MCC ‘grieves and repents’ of Nazi ‘entanglements’

Heinrich Himmler, third from right, head of the SS, at a flag-raising ceremony in the Molotschna Mennonite colony in Nazi-occupied Ukraine, 1942. — Mennonite Library and Archives, North Newton, Kan. Heinrich Himmler, third from right, head of the SS, at a flag-raising ceremony in the Molotschna Mennonite colony in Nazi-occupied Ukraine, 1942. — Mennonite Library and Archives, North Newton, Kan.

Saying its humanitarian work before and during the Second World War did not always reflect its core values, Mennonite Central Committee has issued a statement saying it “grieves and repents of the harm caused by MCC’s actions and inactions during this period” when the organization became entangled with National Socialism (Nazism).

The statement, released June 6 by Rick Cober Bauman, executive director of MCC Canada, and Anne Graber Hershberger, executive director of MCC U.S., went on to say MCC is committed to do a “better telling” of the story of MCC during that time “in its complexity and to taking reparative steps over the coming months and years.”

This includes not glossing over how MCC worked with pro-Nazi Mennonites in carrying out humanitarian efforts in the 1930s and 1940s, and how some MCC workers in wartime France were slow to take action to protect Jews under threat from pro-Nazi forces.

The steps MCC intends to take to deal with its past include providing financial support for ongoing historical research into MCC entanglements with National Socialism, as well as other oppressive systems such as racism, colonialism and sexism; reviewing and updating how MCC narrates its post-Second World War refugee resettlement efforts; and renewing MCC’s determination to act against antisemitism, as part of its broader antiracist commitments.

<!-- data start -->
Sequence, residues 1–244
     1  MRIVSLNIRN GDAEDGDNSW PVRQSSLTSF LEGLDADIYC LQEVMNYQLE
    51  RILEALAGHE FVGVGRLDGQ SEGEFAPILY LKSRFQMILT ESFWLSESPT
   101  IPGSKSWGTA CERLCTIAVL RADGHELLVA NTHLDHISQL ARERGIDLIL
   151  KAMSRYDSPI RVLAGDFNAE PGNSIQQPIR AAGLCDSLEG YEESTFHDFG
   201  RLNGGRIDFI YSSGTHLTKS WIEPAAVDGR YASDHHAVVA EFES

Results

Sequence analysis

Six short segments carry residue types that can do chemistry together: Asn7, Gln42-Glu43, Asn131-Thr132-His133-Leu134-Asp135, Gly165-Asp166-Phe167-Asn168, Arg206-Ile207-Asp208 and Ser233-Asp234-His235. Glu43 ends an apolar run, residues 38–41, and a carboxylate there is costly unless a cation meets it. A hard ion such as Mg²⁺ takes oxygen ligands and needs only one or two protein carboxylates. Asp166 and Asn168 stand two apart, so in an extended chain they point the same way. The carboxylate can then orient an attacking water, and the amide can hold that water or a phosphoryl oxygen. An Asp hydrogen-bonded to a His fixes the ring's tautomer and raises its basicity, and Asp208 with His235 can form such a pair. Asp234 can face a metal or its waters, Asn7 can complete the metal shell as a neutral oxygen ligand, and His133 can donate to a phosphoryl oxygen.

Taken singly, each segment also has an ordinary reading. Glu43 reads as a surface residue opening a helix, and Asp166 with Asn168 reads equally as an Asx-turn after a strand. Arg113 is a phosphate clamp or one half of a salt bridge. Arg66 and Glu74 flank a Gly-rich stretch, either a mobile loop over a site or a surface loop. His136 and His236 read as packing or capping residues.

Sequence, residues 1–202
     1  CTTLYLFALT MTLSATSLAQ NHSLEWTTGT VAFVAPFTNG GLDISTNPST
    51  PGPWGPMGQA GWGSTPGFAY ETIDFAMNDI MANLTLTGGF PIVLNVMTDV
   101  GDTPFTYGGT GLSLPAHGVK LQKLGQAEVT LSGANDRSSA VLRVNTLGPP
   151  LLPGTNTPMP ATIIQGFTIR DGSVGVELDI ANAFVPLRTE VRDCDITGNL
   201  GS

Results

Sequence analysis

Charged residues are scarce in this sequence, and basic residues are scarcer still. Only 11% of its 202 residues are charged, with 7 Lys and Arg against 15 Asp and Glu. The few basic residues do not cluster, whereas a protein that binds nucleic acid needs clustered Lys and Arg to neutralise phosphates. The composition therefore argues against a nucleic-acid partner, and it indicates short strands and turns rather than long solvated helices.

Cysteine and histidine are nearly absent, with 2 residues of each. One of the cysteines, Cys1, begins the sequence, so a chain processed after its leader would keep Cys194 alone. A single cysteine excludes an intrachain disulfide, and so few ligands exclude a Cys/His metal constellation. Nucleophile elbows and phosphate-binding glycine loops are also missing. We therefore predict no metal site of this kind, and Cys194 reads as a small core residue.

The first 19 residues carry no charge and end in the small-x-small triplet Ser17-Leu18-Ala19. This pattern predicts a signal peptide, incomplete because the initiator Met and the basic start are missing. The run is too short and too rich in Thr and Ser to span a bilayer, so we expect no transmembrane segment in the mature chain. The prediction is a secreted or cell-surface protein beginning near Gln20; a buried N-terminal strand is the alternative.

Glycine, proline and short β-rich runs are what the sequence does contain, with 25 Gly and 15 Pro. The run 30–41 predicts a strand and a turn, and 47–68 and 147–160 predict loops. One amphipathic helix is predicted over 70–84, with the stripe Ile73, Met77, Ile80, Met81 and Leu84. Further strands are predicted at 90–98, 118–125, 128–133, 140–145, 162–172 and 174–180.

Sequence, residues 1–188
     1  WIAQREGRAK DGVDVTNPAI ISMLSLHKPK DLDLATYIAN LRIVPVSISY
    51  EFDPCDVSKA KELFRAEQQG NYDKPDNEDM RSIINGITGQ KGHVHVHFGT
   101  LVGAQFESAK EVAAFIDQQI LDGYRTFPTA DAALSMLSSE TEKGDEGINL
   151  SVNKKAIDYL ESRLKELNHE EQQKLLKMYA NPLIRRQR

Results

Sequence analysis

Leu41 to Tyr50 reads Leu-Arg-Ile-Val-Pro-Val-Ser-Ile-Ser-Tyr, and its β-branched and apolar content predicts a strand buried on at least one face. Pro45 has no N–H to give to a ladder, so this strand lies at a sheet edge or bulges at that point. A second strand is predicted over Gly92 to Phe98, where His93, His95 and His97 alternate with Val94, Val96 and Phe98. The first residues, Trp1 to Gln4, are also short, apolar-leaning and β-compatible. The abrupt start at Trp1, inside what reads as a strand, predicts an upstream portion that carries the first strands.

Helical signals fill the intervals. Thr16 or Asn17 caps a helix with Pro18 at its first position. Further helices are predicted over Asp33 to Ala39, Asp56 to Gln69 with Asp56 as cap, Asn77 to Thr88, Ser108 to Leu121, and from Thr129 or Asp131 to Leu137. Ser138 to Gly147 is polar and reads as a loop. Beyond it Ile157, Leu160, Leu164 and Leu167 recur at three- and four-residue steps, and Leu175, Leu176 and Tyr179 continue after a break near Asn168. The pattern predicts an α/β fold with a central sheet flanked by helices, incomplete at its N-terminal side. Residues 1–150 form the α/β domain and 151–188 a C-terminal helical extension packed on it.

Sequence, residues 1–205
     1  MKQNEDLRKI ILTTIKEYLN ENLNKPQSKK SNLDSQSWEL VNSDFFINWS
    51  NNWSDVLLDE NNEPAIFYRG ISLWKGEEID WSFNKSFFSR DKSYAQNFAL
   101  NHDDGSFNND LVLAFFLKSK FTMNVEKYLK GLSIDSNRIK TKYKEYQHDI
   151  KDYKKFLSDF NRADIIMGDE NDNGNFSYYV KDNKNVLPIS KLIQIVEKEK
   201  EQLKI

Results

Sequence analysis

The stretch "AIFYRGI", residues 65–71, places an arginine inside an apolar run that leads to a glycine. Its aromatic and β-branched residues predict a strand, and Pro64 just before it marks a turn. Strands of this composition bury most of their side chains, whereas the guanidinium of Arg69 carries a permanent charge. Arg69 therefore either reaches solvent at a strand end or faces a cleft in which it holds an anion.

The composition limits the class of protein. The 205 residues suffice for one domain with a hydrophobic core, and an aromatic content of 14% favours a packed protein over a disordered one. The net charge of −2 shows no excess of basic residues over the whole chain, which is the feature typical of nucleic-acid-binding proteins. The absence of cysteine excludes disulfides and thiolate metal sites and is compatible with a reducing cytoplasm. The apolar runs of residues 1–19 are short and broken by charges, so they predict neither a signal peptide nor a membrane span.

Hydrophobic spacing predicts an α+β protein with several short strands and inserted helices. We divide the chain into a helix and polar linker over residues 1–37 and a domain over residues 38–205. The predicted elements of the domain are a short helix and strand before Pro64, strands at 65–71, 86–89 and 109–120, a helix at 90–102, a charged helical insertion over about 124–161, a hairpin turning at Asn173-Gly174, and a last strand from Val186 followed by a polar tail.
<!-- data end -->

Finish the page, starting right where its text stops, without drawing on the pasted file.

Speaking on behalf of the two MCCs, Cober Bauman said the release of the statement came after reviewing the work of scholars and soliciting feedback from supporters.

The majority of the feedback was positive, he said, but there were some who felt MCC should leave the past alone.

That sentiment was mostly expressed by some Mennonites who traced their roots back to flight from Ukraine after the war. Some, he said, felt their family’s history had been “sullied” by the research.

Last September, MCC released the findings of 12 historians — from Canada, the United States, France, Germany, Paraguay and the Netherlands — whom it had invited to conduct research on its entanglements with German National Socialism.

Although MCC has not decided how much funding it will provide for future research, it wants to make sure researchers are “not out of pocket” for their work, Cober Bauman said. MCC will also provide “unfettered” access to documents for that research.

When it comes to telling the story of MCC during that time, the organization wants to “both understand and tell a more nuanced and fulsome story” about its actions, he said.

This compares to past narratives, which tended to paint MCC as heroic and Mennonites as victims.

“We don’t want to take away from the fact there was huge suffering,” said Cober Bauman, who was authorized to speak on behalf of both MCC Canada and MCC U.S. He added it was appropriate for MCC to “come alongside people who needed help and a new start.”

But, he added, “we want to be transparent about the degree to which MCC had become entangled with National Socialism.”

Training about antisemitism will take into account how it has “seeped into all parts of the Christian community, including MCC,” he said, adding the organization intends to “work hard against it.”

It has not yet been determined how the action steps might be carried out by the various provincial and regional MCCs, Cober Bauman said.

 

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